FacebookTwitterGoogle+RedditEmail

The Human Rights Crisis in Iraq

“The civilized have created the wretched, quite coldly and deliberately, and do not intend to change the status quo; are responsible for their slaughter and enslavement; rain down bombs on defenseless children whenever and wherever they decide that their “vital interests” are menaced, and think nothing of torturing a man to death; these people are not to be taken seriously when they speak of the “sanctity” of human life, or the conscience of civilized world.”

– James Baldwin

The human costs of the adventures of the U.S., EU/NATO and Gulf Cooperation Council (GCC) axis of evil over the last decade have been enormous. In an all-too-familiar spectacle last week, the 500,000 human beings – men, women and children – who fled the war torn city of Mosul, joined the millions throughout the Middle East and worldwide whose lives have been turned into a living hell by the policies of a moribund Western elite who still believe that the world is their personal chess board and people and nations are disposable pawns to be used and discarded at will.

When Zbigniew Brzezinski, national security advisor under President Carter, formulated the plan to draw the Soviet Union into becoming more directly involved in Afghanistan by arming a force of anti-communist Islamic fundamentalists who would wage war on the secular and progressive nationalist government in that country, there was no consideration for  the consequences of that decision for the people of Afghanistan or even for what would happen to those glorious anti-communist warriors once they were no longer needed. For Carter, Brzezinski, Reagan, the Bushes, Clinton and all of the servants of the capitalist elite, the value attached to the lives of non-Westerners has always had a utilitarian quality that was based on the degree to which they served or were in alignment with Western interests.  And even when that was the case, those lives were only considered so long as they advanced the longer term interests of the West.

It is only as a result of the callous manipulations of the elites when they experience “blowback” in the form of a 9/11 attack or the uprising in Iraq that the reality of the “other” is recognized, but then only in the Fanonian sense that it is through the violent expressions of the “others” that the reality of their existence is acknowledged, though not their fundamental humanity.

Unfortunately, for the people of Iraq, the racist, colonialist fantasies of Bush, Rumsfeld and Cheney – who convinced themselves that the dignity of the Iraqi people was so thin that they would welcome foreign invaders as liberators – are once again being conjured with bizarre theories that U.S. airpower will somehow accomplish what thousands of ground forces were unable to do – defeat what is turning out to be a broad-based uprising among Sunnis, that includes the U.S. and GCC supported Islamic State of Iraq and the Levant (ISIS) – that has now evolved into a force with a significant degree of autonomy –  against what they see as a neocolonial Shia dominated government put in place by U.S. occupation forces.

Republicans, many Democrats, and (once again) some confused segments of the U.S. left are calling for some kind of intervention to block what is being widely reported in the Western media as a foreign invasion by ISIS.  While U.S. authorities make plans for some form of direct intervention, the people of Iraq are preparing themselves to once again be on the receiving end of a “humanitarian” war to save them from a situation that the U.S. created itself with the invasion in 2003 and the ill-fated attempt to dislodge al-Assad from the presidency in Syria.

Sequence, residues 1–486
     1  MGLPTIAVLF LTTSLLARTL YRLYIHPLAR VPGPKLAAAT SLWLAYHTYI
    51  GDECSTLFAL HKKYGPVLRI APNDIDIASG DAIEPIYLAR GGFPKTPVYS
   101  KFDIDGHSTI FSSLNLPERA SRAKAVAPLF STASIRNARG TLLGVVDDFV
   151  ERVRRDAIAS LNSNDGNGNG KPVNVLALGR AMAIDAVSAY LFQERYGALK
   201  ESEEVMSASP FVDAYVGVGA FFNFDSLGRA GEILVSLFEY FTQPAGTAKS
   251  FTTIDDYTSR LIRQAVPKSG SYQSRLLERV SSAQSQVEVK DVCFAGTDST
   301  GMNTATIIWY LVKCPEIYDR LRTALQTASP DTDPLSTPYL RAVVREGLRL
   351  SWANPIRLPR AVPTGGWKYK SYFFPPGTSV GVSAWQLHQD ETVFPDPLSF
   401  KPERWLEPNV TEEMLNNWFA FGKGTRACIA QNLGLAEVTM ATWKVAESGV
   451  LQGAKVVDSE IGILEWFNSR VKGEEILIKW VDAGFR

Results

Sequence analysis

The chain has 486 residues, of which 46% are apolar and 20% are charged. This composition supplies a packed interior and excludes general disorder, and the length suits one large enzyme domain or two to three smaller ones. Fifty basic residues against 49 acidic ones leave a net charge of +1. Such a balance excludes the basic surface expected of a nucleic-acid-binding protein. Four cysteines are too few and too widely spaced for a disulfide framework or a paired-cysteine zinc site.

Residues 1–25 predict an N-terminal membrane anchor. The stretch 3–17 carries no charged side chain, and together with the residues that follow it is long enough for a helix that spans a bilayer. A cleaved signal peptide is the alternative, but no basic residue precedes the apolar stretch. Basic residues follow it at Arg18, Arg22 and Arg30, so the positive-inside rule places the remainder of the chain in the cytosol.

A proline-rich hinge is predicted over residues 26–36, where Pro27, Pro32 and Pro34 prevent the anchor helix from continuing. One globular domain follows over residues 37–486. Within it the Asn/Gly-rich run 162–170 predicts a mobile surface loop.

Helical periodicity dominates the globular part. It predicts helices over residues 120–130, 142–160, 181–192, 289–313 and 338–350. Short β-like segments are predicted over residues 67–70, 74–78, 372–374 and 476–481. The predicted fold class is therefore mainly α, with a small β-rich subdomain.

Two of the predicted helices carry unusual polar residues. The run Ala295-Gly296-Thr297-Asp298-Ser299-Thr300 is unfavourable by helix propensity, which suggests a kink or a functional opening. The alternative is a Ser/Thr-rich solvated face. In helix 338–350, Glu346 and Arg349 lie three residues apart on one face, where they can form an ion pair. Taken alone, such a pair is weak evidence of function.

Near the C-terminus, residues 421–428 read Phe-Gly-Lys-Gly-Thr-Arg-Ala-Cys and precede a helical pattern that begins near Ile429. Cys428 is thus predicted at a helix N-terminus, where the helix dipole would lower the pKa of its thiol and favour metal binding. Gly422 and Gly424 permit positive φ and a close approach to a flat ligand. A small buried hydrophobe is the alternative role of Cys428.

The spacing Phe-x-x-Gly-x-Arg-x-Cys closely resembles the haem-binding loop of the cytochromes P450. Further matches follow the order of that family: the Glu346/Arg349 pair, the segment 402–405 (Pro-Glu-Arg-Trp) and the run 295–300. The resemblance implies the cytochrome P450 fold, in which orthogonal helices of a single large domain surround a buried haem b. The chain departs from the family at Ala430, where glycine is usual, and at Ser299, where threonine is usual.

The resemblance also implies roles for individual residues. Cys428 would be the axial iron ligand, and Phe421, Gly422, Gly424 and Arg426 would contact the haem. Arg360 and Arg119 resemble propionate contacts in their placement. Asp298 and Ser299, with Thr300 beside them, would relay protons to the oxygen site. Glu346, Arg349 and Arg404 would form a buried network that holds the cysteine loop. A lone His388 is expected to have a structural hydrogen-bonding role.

The corporate capitalist airways are filled with the talking heads of empire who are disingenuously framing the rapid deterioration of the Iraqi government as the result of two factors: the decision not to force the Iraqi entity to enter into a status-of-forces agreement that would have allowed 10,000 soldiers to remain in the country; and the ineptitude of the al-Maliki government to properly manage the distorted state and obliterated society that the U.S. bestowed on the new government.

These private spokespersons, many of whom were the very same incompetents who developed and operationalized the criminal invasion in 2003, to a person have not discussed the three elements that really explain the current situation in Iraq – the 2003 invasion, the fact that the U.S. lost the war and was forced to retreat, and the predictable destabilization of Iraq as a consequence of arming Sunni extremists in Syria to overthrow the government of Bashir al-Assad.

On those first two elements, responsibility clearly rests with the war criminals of the Tony Blair and George W. Bush regimes. But on the last issue, the illegal arming and training of an insurgent force to undermine the sovereignty of an established state – that crime rests with President Barack Obama and his administration.

Democrats, including what is referred to as the “progressive” caucus, the Congressional Black Caucus and other caucus groups, along with the unprincipled and opportunist collection of Democratic party hacks at the Center for American Progress, the New American Foundation, Human Rights Watch and the other liberal and mainstream  institutions and publications who gave direct or tacit support to the foolish Bush era strategy to destroy Syria, all place the blame for the “debacle” in Iraq on al-Maliki. And while many of these elements opposed the Bush attack on Iraq, the moral basis for their opposition to direct war by the U.S. in Iraq under a Republican president failed them in response to the indirect war waged on Syria by a Democrat president. In both cases, it was war that was unleashed, and in both cases outside the parameters of international law and in opposition to the wishes and interests of the vast majorities of the peoples of those nations.